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Revenue soars for XM Satellite

Subscriptions to the digital radio service grew by 70 percent over the fourth quarter, fueling an almost 16-fold increase in revenue--but the company still widened its net loss.

XM Satellite Radio reported an almost 16-fold increase in revenue in its fourth quarter, in which subscriptions to its digital radio service grew by 70 percent.

The Washington-based satellite broadcaster said Thursday it added more than 145,000 new subscribers to its radio network in the last three months of 2002. That brought the yearly total to more than 347,000, just shy of the 350,000 it expected to have signed up. The company expects to add another 130,000 members in the first quarter and to more than triple new sign-ups this year.

The subscriber growth helped fuel a jump in fourth-quarter revenue to $9 million from $532,000 in 2001. The company's net loss for the fourth quarter ended Dec. 31 grew to $155.9 million, or $1.76 per share, from $144 million in the year-ago period. For the full year, XM Satellite reported a net loss of $495 million, or $5.95 per share, on $20.2 million in revenue.

The company expects to break even on a cash-flow basis by late next year with the help of recent financing arrangements totaling more than $475 million. The financing was needed to offset XM Satellite's growing debt from the $1 billion construction of its complex radio networks. The company has said it needs to have four million subscribers to become profitable.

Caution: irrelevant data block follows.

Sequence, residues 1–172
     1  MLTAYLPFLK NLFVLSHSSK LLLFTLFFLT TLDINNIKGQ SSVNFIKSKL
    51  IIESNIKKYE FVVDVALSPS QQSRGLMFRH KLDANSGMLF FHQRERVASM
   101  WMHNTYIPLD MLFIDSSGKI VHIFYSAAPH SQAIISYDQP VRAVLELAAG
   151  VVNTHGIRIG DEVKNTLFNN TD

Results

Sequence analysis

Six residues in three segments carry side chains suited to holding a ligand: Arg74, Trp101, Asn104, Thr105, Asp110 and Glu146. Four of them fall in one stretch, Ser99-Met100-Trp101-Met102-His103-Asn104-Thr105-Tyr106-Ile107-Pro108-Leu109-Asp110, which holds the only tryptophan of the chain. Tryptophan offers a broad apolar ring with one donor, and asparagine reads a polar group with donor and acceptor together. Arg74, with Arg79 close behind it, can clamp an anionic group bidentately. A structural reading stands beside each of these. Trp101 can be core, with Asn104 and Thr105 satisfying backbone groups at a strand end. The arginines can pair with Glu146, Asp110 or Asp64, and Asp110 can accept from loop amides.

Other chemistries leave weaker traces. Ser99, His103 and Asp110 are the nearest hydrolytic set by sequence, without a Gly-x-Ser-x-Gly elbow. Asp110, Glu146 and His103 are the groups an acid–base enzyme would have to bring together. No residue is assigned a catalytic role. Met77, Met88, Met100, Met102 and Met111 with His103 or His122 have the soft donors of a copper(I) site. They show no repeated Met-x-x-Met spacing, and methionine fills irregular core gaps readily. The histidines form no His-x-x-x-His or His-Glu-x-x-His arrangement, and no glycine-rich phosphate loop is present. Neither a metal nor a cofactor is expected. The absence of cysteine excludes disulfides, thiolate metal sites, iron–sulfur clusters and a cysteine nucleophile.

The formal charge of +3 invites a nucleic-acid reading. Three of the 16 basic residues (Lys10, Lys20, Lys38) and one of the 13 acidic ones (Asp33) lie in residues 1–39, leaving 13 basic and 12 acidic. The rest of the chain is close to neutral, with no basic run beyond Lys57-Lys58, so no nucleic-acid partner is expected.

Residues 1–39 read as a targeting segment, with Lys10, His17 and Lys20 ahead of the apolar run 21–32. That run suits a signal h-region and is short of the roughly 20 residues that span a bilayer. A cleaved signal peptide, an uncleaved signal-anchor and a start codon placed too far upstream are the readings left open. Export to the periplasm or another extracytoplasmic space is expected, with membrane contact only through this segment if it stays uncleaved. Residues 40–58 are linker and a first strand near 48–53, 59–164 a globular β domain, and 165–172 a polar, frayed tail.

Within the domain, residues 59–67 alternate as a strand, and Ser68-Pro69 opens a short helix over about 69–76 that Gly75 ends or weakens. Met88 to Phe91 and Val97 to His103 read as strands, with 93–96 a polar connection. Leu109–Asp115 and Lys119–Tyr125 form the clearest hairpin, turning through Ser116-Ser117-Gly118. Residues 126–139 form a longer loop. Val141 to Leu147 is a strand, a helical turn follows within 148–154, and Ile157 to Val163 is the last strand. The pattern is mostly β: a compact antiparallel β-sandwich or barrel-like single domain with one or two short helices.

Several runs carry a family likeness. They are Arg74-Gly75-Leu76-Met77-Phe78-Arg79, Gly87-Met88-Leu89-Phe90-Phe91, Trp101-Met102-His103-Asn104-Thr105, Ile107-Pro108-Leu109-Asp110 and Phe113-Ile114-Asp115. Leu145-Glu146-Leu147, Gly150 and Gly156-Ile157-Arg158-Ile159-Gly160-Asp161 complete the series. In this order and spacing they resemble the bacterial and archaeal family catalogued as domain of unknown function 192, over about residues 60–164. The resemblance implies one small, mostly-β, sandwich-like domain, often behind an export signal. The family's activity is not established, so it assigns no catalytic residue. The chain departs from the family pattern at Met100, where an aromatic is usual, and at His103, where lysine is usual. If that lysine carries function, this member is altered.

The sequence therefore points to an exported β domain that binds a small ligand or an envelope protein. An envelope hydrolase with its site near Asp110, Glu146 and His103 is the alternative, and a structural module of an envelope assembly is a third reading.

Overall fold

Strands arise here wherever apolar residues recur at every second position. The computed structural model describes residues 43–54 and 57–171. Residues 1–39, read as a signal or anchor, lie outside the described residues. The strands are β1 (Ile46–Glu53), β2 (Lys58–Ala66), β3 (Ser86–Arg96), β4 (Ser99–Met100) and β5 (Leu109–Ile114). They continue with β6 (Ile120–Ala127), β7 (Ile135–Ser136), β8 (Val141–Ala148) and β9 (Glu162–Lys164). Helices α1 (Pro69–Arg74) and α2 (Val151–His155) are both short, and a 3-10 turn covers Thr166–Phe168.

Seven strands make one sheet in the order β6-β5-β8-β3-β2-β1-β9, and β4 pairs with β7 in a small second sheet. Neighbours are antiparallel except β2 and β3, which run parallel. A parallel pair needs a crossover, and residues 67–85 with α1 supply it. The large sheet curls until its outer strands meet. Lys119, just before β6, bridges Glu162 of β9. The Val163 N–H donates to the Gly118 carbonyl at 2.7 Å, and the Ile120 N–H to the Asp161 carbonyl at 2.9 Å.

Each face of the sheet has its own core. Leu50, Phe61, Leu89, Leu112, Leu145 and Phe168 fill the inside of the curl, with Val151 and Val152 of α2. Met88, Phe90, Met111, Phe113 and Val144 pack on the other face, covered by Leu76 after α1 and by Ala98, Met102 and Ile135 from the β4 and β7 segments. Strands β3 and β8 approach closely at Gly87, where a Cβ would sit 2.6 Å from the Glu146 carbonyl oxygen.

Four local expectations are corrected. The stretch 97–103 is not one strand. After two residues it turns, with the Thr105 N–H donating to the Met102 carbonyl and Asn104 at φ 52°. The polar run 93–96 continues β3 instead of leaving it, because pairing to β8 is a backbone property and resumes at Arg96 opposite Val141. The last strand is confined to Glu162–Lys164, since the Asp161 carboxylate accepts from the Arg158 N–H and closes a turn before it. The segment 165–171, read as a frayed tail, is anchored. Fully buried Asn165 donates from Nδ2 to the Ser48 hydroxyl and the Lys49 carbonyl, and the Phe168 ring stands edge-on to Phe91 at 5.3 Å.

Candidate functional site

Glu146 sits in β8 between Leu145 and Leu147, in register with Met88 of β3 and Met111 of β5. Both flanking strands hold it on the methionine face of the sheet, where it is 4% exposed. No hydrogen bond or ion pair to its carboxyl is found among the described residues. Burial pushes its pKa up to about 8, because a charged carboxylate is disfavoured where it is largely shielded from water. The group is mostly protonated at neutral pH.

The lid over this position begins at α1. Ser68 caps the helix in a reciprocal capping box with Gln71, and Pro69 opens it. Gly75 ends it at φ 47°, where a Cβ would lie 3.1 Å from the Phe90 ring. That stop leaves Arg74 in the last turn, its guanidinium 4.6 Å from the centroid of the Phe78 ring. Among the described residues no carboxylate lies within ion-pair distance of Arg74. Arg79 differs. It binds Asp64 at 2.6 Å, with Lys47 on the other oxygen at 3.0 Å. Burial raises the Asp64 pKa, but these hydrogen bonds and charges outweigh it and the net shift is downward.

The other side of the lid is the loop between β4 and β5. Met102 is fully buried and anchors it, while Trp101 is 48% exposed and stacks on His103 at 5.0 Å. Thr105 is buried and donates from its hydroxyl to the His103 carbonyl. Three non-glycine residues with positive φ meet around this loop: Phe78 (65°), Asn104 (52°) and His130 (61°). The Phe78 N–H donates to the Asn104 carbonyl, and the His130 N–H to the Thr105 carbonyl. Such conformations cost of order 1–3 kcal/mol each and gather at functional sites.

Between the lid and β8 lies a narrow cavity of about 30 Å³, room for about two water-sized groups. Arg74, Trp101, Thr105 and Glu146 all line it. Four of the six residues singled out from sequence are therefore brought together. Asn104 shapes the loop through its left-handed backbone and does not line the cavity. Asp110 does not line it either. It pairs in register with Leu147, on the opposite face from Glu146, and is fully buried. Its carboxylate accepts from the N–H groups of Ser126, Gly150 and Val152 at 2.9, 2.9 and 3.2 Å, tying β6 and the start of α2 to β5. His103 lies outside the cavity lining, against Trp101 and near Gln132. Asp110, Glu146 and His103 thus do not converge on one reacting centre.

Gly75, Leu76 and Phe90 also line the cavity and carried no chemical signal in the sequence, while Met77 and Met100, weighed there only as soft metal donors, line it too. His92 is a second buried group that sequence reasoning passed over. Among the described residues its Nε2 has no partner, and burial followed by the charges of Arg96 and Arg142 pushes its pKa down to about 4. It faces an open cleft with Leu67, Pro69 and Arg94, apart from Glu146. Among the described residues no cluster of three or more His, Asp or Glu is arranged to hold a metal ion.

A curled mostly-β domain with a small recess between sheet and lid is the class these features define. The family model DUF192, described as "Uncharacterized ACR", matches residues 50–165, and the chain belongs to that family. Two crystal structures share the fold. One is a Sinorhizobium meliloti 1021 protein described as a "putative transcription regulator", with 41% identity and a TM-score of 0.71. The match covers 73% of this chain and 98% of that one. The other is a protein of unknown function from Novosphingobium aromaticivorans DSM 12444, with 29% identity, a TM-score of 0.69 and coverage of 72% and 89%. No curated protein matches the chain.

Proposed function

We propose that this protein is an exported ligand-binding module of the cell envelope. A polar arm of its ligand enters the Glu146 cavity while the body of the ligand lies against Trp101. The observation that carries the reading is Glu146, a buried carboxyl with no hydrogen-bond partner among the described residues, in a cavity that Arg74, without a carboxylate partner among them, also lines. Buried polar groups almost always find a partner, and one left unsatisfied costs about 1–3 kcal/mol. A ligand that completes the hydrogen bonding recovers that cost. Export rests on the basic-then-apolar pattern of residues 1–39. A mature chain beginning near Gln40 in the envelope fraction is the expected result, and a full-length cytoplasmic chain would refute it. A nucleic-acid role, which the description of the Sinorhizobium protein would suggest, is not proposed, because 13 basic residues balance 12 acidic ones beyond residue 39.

The availability of XM Satellite's services in new General Motor and Honda cars, has spurred subscription growth, according to the company. Toyota is also planning to ship cars with so-called XM radios this year, and Wal-Mart is planning to sell them for the car and home by June, the company said. Another source of growth are 'SkyFi' home and portable stereos equipped with special satellite radio receivers, available at retailers such as Circuit City and Best Buy.

XM Satellite Radio and rival Sirius Satellite Radio sell satellite radios and programming as alternatives to broadcast radio. Both companies offer similar services: Dozens of stations that offer original and repackaged music, news, sports and talk programming are beamed by satellite to repeater stations throughout the country. Car stereos designed for either company's service and outfitted with special antennas can pick up the signals anywhere in the country.

In addition to having a vastly larger selection of content than broadcast radio--XM has stations specializing in everything from African music to NASCAR racing--both XM Satellite and Sirius services promise few or no commercials, almost CD-quality sound, and steady signals.

XM Satellite launched its nationwide service in 2001 and charges $10 a month for each XM-compatible receiver.